We also went to the town of Lecce, which is supposed to be a cool baroque city, but the day we went it was 100 degrees and we ended up not having the best of experiences and a fight instead. I don’t remember what we fought about, but do you need a reason when it’s 100 degrees and humid? The weirdest thing about the day we spent in Lecce was that we got off the train and it was a ghost town, so much so that the two men who were on the street behind us made us nervous, and neither one of us are prone to get like that when we travel. We wandered through side streets, consulting the map for main streets, the whole time still seeing no one. It was 11, 11:30 on a Sunday morning, certainly late enough that you would see people at a café, or walking home from church or something. But we saw no one, save the two men who were going to rob us, for something insane like 20, 25 minutes. We saw empty wine bars, empty restaurants. It looked like a fun town. When we finally did see people it was on a particularly tourist friendly street, lined with shops that sold Pinocchios or whatever on the sidewalk. Admittedly, the desolation followed by the sudden and intense wave of tourists did little to encourage a feeling of excitement about where we were. We finally sat down in a small rustic café, wanting to get a little snack before lunch. The Husband had researched a restaurant that served amazing fried vegetables (and if you’ve read previous posts you know that he is a fanatic about his Italian fried vegetables) so he wanted to eat lunch there. But as I said, it was 100 degrees and we kind of needed to sit and put something in our stomachs and hydrate.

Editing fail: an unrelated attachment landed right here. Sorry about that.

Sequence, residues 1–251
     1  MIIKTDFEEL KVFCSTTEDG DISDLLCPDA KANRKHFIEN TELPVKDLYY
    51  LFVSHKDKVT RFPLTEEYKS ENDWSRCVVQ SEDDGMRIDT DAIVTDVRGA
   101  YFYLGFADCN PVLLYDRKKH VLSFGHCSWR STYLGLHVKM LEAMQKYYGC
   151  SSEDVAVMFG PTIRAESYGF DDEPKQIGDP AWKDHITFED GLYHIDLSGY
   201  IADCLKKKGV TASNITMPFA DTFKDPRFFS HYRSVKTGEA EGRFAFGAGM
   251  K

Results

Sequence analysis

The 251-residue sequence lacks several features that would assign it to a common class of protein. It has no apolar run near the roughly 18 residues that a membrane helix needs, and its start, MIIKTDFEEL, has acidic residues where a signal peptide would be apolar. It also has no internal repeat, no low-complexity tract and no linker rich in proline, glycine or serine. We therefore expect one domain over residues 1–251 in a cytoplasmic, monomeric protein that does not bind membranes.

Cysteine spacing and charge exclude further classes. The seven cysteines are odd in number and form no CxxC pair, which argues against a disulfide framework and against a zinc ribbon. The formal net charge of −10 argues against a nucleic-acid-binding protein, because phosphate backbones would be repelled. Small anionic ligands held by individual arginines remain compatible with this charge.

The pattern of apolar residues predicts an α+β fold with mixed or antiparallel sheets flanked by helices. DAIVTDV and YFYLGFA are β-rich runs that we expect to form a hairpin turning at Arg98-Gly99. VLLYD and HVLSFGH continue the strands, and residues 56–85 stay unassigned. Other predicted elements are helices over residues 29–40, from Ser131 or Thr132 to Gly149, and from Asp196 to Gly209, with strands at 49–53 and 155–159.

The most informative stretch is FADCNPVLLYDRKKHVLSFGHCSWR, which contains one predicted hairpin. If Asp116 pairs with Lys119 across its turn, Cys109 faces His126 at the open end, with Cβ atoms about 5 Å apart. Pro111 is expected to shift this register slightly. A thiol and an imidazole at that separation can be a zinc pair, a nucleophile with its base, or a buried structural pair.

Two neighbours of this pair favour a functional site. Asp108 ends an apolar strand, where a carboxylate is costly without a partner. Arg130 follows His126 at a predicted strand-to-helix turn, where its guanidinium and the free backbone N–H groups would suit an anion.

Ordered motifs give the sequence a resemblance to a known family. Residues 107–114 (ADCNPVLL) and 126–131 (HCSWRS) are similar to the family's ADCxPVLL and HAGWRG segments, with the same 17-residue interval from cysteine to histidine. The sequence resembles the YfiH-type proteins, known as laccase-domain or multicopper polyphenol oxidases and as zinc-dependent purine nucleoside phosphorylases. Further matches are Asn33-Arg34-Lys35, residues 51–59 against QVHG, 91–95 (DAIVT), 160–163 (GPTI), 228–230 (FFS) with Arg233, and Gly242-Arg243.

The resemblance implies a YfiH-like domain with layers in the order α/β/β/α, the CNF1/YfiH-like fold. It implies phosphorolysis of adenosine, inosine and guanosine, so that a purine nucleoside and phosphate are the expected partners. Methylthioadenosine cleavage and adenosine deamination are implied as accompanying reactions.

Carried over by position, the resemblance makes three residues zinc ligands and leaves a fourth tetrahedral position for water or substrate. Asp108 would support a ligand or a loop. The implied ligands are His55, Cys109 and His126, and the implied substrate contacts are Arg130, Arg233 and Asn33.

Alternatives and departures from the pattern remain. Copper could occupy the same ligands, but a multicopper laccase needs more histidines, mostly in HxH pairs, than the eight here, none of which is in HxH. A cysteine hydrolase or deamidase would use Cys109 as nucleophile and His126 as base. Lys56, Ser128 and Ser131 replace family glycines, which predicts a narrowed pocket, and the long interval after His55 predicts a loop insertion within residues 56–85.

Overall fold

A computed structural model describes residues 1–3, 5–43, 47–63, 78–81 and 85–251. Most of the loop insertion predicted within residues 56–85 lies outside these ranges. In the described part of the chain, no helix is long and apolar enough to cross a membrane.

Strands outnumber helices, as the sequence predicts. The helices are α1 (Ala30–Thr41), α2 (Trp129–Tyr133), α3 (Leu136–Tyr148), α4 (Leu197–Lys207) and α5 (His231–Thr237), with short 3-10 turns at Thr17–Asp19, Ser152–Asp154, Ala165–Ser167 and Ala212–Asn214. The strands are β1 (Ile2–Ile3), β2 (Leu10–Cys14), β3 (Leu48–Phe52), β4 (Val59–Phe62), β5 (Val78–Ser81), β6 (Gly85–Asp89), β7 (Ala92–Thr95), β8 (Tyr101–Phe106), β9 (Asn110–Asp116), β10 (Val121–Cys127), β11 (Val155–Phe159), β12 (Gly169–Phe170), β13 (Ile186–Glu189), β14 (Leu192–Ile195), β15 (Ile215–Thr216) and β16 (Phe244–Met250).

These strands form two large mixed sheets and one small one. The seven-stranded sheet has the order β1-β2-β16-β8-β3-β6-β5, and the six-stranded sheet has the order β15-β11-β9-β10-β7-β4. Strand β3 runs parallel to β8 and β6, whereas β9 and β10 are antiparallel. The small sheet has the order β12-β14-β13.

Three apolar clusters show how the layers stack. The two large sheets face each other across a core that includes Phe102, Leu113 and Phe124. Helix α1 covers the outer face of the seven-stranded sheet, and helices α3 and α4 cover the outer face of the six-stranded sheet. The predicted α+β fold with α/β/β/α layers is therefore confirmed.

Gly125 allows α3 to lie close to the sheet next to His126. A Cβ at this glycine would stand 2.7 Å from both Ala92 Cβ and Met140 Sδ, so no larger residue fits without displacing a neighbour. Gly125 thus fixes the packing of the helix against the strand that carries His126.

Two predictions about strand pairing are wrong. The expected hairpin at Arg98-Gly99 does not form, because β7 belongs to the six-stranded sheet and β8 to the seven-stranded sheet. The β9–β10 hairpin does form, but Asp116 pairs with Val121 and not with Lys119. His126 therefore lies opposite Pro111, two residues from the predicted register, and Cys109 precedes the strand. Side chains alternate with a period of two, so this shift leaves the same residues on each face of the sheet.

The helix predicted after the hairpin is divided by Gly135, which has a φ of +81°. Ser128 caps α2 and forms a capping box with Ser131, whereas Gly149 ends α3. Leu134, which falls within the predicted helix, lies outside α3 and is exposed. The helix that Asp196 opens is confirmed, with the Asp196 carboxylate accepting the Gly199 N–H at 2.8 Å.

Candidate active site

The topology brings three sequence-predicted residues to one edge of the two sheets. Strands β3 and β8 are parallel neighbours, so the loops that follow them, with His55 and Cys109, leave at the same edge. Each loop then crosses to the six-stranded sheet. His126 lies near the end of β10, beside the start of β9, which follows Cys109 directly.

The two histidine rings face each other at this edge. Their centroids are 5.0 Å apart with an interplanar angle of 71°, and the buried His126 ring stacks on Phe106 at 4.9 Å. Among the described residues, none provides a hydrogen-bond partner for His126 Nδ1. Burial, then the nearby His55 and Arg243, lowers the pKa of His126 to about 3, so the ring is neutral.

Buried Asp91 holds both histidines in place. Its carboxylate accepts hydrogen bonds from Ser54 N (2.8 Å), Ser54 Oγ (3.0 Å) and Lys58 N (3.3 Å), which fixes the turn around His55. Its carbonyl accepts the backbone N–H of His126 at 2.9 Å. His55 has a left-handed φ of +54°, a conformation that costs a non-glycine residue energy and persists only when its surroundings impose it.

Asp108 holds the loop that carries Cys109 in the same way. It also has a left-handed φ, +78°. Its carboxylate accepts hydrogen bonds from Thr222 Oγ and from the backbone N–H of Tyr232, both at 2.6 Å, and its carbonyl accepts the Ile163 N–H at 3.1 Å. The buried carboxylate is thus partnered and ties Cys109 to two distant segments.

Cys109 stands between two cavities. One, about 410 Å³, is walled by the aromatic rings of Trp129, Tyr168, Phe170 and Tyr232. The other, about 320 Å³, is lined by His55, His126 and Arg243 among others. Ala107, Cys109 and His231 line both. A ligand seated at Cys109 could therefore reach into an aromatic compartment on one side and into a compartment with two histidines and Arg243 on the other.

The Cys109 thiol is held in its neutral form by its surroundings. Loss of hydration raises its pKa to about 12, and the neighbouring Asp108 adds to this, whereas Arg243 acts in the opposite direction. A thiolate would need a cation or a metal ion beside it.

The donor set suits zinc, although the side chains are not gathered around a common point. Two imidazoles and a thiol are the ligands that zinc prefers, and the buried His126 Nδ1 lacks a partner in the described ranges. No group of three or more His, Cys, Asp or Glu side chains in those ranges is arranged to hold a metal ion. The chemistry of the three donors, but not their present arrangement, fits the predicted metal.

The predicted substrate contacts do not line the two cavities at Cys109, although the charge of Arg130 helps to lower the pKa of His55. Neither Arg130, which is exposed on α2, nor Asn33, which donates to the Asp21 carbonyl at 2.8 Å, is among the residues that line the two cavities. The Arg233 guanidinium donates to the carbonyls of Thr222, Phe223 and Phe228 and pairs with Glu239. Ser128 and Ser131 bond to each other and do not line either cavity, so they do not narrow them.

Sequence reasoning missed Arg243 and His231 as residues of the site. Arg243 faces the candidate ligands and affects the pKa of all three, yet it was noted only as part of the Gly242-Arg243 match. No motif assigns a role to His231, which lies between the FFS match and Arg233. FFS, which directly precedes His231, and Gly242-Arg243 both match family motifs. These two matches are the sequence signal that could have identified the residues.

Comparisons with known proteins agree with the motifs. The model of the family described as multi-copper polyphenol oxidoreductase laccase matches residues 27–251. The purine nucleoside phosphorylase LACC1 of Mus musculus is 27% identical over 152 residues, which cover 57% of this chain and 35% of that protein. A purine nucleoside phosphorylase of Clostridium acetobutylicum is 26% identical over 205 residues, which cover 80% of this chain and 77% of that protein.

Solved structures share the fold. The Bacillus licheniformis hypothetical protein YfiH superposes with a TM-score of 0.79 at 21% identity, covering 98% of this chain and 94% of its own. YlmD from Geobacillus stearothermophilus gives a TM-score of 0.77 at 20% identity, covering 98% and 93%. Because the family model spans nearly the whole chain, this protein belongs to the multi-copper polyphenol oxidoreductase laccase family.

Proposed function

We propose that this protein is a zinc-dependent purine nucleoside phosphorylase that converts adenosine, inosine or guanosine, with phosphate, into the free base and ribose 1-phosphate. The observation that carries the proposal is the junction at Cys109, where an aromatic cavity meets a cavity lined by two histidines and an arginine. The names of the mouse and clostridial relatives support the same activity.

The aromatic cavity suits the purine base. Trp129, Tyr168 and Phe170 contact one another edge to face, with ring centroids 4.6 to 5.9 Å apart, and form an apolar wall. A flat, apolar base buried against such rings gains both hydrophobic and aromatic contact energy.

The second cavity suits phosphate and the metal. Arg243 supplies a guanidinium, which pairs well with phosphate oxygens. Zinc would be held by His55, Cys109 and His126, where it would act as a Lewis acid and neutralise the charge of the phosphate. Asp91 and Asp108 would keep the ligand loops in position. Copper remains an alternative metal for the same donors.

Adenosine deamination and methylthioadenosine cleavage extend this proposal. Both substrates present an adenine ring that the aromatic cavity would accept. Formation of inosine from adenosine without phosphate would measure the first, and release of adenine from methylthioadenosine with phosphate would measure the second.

We sat down in the bar, where a friendly woman spoke to me in Italian while I ordered a bottle of sparkling water, a plate of local cheeses, and she helped me to select two glasses of local white wine for us. She then offered us capacolla from Martina Franca, which I declined because this was just supposed to be a snack and she was never nice to us again. I had no idea what we did wrong. I was speaking to her in Italian, she seemed to understand me fine and I her. She was absolutely lovely. Then I noticed the other tables who sat down after us were getting their food before us and she was a lot less lovely.

 

My Roman friend later told me that so much of the South had been poor for so long, if they have something and they offer to share it with you it’s considered an insult to refuse. “Sharing” seems like a strong word for something I was paying for, but I will assume he’s correct since he was born there and I wasn’t. Needless to say, it wasn’t exactly encouraging me to stay in a town I was already having a bizarre time in, especially when I had a room in a beach town and a bikini waiting for me.  We never even made it to the place we wanted to go for lunch. I don’t remember why. It may have been closed…? Honestly, I just remember heat.

 

But I’ve heard so many great things about it from friends who have been there that I would be willing to go again and give it a second try. And where else are you going to start fixing a toilet in a Trattoria and end up unearthing a tomb dating before Christ?

The beach at Baia die Faraglioni

The beach at Baia die Faraglioni